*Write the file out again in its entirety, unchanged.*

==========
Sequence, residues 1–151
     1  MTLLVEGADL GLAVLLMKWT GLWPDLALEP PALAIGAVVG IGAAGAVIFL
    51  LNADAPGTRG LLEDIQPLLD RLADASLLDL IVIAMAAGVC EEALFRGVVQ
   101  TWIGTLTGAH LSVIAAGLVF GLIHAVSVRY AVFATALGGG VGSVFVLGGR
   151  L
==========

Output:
Sequence, residues 1–151
     1  MTLLVEGADL GLAVLLMKWT GLWPDLALEP PALAIGAVVG IGAAGAVIFL
    51  LNADAPGTRG LLEDIQPLLD RLADASLLDL IVIAMAAGVC EEALFRGVVQ
   101  TWIGTLTGAH LSVIAAGLVF GLIHAVSVRY AVFATALGGG VGSVFVLGGR
   151  L